– 3:30 "Fritz's Corner – 3:35 "Creature Comforted – 3:50 "No Problem – 6:23 "California Songs – 4:02 "Hi-Fiving MF – 7:54 "Toxic" – 5:54 Brian St. Clairdrums Scott Lucasvocals, bass Gabe Rodrigueztambourine, backing vocals on track 7, 8, & 13

The Private of the Buffs

The Private of the Buffs is a ballad by Sir Francis Hastings Doyle describing the execution of a British infantryman by Chinese soldiers in 1860. During the Second Opium War, an Anglo-French expedition landed in China and marched towards Peking in order to force the compliance of the Treaty of Tientsin. On 13 August 1860, during the attack on the Taku Forts -- 大沽炮台, in Chinese, or dàgū pàotái -- Chinese troops captured two British soldiers and a group of coolies; the details of the subsequent events are not well-recorded, but according to reports in The Times, one Private John Moyse, of the 3rd Regiment refused to kowtow to his captors. He had "declared he would not prostrate himself before any Chinaman alive," and as a result, he was summarily executed; the poem refers to Moyse as a young Kentish farmboy. However, the poem was written on the strength of newspaper reports, it is that Doyle was unaware of the discrepancies. Despite the report in The Times, there is speculation concerning whether the incident took place as was popularly supposed.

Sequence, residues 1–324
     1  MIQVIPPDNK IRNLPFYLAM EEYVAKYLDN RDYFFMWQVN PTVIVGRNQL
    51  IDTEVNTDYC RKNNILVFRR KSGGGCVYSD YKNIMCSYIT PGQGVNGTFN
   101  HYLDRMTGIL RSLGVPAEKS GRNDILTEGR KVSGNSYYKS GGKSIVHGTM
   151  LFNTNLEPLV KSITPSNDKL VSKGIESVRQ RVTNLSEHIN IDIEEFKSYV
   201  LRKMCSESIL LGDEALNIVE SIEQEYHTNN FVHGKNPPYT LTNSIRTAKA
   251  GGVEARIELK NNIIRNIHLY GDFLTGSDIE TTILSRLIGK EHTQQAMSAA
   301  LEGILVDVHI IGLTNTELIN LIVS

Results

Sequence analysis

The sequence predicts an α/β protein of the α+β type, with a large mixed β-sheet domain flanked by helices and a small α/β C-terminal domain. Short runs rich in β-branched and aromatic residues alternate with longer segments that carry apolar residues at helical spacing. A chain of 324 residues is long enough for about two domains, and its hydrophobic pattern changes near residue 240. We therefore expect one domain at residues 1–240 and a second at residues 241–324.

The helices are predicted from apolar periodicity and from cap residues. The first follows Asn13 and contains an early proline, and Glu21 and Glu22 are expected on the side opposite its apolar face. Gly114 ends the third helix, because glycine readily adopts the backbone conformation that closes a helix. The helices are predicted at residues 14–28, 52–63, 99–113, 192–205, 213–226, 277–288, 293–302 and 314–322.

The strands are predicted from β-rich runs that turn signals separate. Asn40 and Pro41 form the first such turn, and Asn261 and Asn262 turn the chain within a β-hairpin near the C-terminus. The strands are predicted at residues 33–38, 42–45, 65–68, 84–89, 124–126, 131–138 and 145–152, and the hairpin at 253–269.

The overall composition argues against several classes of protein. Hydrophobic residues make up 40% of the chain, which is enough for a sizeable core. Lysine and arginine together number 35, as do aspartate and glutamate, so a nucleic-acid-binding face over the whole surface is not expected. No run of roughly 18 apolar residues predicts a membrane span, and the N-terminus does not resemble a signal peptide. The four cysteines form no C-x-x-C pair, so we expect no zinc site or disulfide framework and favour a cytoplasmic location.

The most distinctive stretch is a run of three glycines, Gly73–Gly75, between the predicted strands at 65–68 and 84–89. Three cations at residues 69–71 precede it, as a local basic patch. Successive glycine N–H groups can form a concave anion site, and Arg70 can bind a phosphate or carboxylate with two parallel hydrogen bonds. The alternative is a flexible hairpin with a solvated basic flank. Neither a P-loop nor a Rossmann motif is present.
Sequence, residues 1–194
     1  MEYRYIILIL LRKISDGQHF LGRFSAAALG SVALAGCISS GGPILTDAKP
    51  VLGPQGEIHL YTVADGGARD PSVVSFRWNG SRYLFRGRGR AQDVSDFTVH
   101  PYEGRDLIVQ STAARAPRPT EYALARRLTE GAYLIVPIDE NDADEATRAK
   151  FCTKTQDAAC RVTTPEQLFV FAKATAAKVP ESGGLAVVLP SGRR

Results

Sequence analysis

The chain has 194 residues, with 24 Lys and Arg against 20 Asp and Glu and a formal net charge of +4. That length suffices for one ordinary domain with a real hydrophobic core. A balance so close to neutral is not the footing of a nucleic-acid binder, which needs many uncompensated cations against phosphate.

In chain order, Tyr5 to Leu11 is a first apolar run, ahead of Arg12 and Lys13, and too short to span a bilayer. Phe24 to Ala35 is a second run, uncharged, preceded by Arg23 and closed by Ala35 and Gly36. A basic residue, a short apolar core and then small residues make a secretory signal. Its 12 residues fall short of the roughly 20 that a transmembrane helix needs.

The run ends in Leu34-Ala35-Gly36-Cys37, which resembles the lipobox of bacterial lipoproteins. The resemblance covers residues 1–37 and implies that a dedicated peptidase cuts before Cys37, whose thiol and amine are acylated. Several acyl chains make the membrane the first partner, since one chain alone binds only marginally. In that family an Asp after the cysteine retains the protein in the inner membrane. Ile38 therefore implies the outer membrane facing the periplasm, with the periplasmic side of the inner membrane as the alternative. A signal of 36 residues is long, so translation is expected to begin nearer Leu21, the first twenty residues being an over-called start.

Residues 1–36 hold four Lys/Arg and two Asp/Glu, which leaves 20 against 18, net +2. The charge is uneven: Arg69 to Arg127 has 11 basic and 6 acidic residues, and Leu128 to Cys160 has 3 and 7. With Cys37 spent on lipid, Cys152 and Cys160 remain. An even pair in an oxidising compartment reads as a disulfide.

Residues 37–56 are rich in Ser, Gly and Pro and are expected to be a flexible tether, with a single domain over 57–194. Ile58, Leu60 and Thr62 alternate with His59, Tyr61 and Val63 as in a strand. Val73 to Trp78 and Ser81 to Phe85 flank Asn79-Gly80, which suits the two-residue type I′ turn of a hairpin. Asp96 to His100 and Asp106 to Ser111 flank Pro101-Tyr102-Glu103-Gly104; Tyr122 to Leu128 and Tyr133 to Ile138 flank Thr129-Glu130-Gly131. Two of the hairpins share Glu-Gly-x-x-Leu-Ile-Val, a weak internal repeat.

Garnet Wolseley, present at the taking of the Taku forts, insisted that "The man belonging to the Buffs was either killed, or'died of drink,' as the Chinese say." The source of the information -- a soldier in the 44th Regiment -- was, according to Wolseley, not reliable. "His mind, seemed to be unbalanced, as in addition to the untruths he told, he talked utter nonsense about what he pretended he had overheard his captors say."D. F. Rennie, a doctor with the British troops denied that the incident took place; the Manchester Times reprinted Rennie's account on December 2, 1865, with the conclusion Thus, it would seem that this unfortunate man, through the romancing propensities of his comrade of the 44th, the ready ear for'sensationalism of the Times correspondent, was believed by the deluded British public to have been decapitated because he would not kow-tow to Sang-ko-lin-sin, died without seeing that personage at all." Works related to The Private of the Buffs at Wikisource